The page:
I say there are no statistics on how much child welfare fraud adds onto the national debt.

"We don't know if it's a false allegation," Lester explained. "We investigate and either substantiate based on evidence gathered during the investigation or we are not able to substantiate."

We do not know if its Medicaid fraud because the Attorney General Medicaid Fraud Control Unit does not investigate based on evidence gathered during Auditor General reports and citizens and are not able to substantiate because once a child is adopted, the files are shredded.

Lester added that CPS does "screen out" some referrals of child abuse.

CPS "covers up" all instances of fraud and child abuse in foster care.  That is why there are class action lawsuits.

"We do assessments and do screen out some referrals," he said. "The bottom line is that we don't investigate anyone that someone doesn't report."

Lester said approximately 25 percent (24.1 percent in 2007) of all CPS investigations in West Virginia are substantiated.

The poverty rate in the state is 17.4%U.S. Census Bureau  Poverty is considered child abuse.

"That doesn't mean the other 75 percent that are unsubstantiated are false allegations," he explain- ed. "It just means there was not enough evidence to substantiate. Often times investigations are substantiated after a second or third investigation."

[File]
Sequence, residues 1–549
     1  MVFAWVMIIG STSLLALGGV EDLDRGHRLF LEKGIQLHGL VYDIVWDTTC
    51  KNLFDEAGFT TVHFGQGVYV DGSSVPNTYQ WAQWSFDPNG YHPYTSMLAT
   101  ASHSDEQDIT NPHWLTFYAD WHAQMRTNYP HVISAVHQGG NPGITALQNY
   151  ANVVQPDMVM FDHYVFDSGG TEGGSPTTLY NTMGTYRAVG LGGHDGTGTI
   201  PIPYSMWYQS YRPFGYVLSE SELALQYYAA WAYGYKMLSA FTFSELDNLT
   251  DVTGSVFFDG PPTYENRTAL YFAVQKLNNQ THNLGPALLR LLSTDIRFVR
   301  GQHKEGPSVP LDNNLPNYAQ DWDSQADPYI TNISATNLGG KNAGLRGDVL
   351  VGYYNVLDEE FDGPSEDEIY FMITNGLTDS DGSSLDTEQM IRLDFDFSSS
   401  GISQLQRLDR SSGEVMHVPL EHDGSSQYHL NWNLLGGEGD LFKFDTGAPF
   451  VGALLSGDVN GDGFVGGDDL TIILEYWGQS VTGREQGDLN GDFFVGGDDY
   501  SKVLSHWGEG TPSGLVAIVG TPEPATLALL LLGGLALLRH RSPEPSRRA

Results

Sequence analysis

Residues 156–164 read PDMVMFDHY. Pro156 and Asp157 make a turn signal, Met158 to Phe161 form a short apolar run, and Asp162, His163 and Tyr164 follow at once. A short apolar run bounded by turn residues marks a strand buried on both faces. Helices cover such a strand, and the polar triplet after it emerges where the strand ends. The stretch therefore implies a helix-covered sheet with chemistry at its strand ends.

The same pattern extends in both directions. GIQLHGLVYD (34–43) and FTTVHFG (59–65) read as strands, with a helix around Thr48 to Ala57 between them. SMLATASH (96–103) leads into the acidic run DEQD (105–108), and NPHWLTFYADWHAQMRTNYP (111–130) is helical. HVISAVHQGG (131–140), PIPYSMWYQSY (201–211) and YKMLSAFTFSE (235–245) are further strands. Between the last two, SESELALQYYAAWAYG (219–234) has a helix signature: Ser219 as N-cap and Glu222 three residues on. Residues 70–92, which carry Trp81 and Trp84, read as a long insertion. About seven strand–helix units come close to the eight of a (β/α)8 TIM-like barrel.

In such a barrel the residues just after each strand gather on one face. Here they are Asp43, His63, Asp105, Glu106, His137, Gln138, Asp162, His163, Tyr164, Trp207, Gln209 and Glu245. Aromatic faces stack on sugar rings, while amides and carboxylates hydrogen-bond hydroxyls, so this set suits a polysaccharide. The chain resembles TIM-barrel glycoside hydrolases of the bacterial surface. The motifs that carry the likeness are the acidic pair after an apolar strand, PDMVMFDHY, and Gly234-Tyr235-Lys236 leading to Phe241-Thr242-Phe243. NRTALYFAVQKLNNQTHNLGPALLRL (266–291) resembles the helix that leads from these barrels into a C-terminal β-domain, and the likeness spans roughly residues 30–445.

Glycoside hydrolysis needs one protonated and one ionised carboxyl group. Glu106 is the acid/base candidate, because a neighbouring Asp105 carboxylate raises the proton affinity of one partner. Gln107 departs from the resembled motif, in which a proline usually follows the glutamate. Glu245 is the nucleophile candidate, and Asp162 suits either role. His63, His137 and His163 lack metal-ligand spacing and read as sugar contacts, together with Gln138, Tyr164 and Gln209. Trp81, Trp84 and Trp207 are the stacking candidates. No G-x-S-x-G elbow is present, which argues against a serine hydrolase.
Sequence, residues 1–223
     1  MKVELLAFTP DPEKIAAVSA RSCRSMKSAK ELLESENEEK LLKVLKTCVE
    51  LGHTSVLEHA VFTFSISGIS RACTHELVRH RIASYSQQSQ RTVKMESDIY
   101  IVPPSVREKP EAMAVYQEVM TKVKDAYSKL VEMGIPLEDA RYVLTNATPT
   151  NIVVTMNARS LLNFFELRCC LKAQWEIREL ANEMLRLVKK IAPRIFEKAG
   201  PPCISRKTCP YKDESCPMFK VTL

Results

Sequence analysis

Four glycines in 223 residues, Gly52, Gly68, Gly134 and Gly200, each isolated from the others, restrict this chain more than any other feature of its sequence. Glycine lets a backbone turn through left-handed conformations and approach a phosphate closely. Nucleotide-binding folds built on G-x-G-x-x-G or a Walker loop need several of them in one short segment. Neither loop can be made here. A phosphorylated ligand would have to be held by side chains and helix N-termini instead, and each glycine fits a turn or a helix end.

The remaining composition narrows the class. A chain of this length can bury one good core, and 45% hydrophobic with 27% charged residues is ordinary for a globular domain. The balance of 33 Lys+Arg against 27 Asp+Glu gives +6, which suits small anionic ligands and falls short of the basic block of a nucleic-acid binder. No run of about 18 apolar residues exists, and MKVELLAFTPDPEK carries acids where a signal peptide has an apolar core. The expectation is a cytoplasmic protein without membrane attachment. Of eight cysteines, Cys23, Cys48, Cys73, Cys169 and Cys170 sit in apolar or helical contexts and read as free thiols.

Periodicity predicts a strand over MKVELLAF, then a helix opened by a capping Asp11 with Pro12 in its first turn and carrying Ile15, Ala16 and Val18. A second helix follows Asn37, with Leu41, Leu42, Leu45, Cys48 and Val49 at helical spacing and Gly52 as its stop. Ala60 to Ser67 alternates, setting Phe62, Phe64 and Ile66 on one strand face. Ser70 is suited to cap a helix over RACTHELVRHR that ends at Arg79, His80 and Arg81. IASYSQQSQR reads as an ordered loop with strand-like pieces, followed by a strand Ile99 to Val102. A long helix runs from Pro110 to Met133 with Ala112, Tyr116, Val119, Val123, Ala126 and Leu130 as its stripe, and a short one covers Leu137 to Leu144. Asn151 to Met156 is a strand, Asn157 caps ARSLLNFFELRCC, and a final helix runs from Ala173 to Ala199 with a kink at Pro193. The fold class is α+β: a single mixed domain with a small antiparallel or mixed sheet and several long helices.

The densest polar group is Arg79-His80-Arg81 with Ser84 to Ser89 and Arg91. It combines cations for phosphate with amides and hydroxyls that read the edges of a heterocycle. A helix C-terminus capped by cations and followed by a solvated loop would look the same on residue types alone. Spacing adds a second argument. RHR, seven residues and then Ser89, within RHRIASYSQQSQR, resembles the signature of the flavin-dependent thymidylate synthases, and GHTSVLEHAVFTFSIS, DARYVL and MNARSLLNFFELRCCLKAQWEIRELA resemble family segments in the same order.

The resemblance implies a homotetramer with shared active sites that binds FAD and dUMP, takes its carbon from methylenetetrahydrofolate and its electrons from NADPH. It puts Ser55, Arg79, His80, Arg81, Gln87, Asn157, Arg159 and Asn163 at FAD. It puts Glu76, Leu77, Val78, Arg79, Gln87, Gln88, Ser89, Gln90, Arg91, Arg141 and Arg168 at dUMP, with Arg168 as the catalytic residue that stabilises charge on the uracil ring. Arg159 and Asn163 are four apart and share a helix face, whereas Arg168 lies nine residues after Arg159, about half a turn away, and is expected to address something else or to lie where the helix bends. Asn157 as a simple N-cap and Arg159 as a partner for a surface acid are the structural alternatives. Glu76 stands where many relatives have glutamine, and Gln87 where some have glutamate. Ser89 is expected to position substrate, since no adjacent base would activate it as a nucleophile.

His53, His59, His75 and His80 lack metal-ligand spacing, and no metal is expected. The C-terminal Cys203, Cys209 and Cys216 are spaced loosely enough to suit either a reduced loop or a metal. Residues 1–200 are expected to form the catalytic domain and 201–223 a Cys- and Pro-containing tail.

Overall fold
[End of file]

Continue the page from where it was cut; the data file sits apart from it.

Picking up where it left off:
Foster says the CPS substantiation rate is at a very questionable level.

"The 24.1 percent rate is a very low number," Foster said. "That means many lives of children and parents are being destroyed by false allegations and over zealous advocates that fail to substantiate before removing children from loving parents."

Lester says misinformation is also a problem the agency must deal with daily.

"Some think that if parents spank their children as a form of discipline the CPS will take away their child," he said. "This is not true. There is a difference in spanking and injuring a child by beating them."

Oh yes it is true.

Another area of concern is that grandparents are not protected by the CPS system either.

"We have been told many stories by grandparents who are not able to see their grandchildren, especially when a false allegation in leveled against their child who is the parent of the grandchildren," Foster said.